EXPERIENTIAL LEARNING The MCTS will undertake a graduate programme, for experiential learning whereby students will be placed at a company, as part of their practical training
As a means to add value to the casting industry in South Africa, the Metal Casting Technology Station (MCTS) – located at the University of Johannesburg (UJ) – provides technical services such as testing, failure analyses, research and development (R&D) work in laboratories, as well as product development.
Former MCTS station manager Farouk Varachia says the station provides two key functions for the industry – technology transfer, and providing a platform for small and medium-sized businesses to have access to university facilities.
He explains that technology transfer, which includes technology demonstration and applied research, entails using the university’s resources, including professors and lecturers who provide a service for the industry.
“The MCTS uses students to form part of the projects that it undertakes in industry. “This provides a platform for young engineers to become more involved in projects and provides access to industry- related projects.
“This access allows businesses to be able to complete R&D work using university facilities, as well as providing access to new technologies,” Varachia adds.
He explains that the MCTS tries to access and implement the latest technologies regarding castings at the university. Where technologies cannot be implemented because they are too costly, the MCTS identifies partners or other universities that have the technology, enabling access to the entrepreneur.
“The industry is made aware of new and available technologies through technical meetings that the South African Institute of Foundrymen holds, as well as technical workshops and conferences that the MCTS manages.”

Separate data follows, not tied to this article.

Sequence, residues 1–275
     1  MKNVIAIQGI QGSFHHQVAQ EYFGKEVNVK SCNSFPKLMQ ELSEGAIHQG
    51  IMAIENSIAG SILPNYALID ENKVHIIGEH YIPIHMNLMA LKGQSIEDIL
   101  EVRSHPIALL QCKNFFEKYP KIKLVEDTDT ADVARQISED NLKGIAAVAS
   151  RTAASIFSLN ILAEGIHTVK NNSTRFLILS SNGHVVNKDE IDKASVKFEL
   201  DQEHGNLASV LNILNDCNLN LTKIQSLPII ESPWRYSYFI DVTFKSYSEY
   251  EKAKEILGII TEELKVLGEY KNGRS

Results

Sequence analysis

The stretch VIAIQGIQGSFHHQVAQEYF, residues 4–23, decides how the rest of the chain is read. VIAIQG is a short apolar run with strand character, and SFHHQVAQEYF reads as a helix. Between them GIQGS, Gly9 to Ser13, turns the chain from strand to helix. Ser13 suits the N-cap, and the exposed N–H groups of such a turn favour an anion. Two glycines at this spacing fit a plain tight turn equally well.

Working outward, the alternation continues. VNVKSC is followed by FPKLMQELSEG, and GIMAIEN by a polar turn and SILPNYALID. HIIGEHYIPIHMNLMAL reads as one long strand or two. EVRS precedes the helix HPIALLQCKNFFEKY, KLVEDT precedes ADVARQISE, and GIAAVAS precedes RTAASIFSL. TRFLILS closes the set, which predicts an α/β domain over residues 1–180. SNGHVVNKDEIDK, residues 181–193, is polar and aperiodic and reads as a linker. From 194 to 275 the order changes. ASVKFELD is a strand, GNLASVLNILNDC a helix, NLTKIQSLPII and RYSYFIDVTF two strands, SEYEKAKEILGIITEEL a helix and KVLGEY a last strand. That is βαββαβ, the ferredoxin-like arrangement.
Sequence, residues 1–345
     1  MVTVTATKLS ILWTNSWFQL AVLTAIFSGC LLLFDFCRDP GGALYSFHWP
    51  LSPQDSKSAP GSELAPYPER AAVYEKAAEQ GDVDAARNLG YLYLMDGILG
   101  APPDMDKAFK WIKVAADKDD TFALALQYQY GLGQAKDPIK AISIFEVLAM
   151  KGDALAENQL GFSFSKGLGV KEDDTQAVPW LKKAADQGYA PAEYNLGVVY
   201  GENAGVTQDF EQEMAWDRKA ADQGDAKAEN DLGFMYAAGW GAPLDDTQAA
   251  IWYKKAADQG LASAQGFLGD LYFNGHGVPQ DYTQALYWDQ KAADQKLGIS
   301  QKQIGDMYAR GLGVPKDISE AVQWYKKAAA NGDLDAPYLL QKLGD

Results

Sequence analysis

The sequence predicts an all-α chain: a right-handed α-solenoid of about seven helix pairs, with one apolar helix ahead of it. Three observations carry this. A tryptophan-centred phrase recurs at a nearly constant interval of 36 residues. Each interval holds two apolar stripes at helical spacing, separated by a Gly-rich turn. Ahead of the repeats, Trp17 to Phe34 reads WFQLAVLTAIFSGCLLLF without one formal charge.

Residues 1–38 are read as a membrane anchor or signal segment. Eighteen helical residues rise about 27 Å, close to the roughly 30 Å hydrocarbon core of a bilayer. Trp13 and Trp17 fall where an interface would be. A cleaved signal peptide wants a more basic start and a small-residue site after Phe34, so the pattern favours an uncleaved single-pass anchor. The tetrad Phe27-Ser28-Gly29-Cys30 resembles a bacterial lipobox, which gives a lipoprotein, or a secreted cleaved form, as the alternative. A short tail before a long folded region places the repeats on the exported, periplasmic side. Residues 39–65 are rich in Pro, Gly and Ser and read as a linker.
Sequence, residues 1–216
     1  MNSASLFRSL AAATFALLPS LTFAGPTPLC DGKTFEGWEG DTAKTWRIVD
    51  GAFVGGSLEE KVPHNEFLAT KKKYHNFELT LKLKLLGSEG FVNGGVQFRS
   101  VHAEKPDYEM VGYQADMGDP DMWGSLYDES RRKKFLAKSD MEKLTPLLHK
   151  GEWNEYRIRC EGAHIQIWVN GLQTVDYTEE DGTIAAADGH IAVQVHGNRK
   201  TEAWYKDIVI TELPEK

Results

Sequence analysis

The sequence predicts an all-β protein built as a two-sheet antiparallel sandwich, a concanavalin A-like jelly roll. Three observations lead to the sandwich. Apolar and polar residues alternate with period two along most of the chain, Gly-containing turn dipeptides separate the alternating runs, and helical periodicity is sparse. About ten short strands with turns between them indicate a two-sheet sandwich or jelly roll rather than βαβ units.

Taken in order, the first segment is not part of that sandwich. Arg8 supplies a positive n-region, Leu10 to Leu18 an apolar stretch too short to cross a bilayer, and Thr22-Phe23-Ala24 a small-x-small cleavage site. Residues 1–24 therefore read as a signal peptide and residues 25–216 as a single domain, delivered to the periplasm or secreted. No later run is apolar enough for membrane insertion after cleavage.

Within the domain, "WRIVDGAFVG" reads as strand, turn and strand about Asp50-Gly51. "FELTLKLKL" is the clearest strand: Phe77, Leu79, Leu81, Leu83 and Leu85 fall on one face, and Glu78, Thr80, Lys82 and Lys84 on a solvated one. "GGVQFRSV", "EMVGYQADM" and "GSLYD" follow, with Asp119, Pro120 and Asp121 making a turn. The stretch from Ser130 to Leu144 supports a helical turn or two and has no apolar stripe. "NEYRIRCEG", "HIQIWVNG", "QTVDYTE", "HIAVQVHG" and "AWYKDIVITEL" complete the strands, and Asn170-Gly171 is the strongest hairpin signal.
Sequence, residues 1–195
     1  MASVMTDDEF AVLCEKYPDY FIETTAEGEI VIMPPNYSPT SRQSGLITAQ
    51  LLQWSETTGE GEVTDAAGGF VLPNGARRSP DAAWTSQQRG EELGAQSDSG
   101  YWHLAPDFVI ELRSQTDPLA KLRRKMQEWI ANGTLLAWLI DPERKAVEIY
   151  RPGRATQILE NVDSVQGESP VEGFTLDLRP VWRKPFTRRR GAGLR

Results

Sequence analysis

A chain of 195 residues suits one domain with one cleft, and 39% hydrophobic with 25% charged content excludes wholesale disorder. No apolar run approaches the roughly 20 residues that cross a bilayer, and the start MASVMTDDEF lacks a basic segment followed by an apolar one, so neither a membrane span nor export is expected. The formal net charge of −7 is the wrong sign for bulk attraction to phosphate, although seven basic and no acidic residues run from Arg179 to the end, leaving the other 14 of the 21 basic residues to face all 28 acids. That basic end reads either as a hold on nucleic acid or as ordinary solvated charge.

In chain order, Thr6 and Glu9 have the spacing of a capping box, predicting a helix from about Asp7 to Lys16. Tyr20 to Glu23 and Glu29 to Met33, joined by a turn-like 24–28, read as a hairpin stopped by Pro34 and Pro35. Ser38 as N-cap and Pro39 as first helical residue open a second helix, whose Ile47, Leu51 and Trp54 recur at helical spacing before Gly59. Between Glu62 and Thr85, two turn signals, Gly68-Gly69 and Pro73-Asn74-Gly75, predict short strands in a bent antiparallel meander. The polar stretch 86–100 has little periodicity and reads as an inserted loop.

An example of a new technology is embracing new added manufacturing as well as three-dimensional (3D) design, says Metal Casting Conference core committee member Dalmari McQueen.
“The foundry processes are using traditional methods, which involve pattern making; however, this new technology eliminates pattern making and directly moulds with the robot into the sand.”
For businesses that need small volumes, and prototypes which are typically valves and aftermarket products, McQueen adds that this technology is an ideal process to shorten the lead time.
“There is definitely a business opportunity for foundries using new technologies. Foundries who embrace the technology will be able to react to the market faster and without needing to manufacture a pattern first,” she enthuses.
She adds that 3D technology has been developed, but this technology will be transferred to the South African industry only within the first half of 2017.
MCTS Graduate Programme
Varachia says the MCTS will also undertake a graduate programme for experiential learning where students will be placed at a company as part of their practical training.
He enthuses that two years ago, the MCTS placed graduate engineers from South Africa in Germany, where they completed their master’s course.
He adds that these students are now back in the country and have been placed within the industry, which means that the industry is now also benefiting through these students.
The MCTS has also been instrumental in working with the Department of Engineering and Metallurgy to introduce a master’s course at UJ in foundry technology which will be offered in 2018. This course is a dual degree course between UJ and the University of Freiberg, Varachia adds.
The MCTS has ISO9001 accreditation, and is the first unit within the university to have this accreditation.
“We are also looking at ISO7225 accreditation. These accreditations add further value in being able to provide a professional service for the industry,” Varachia concludes.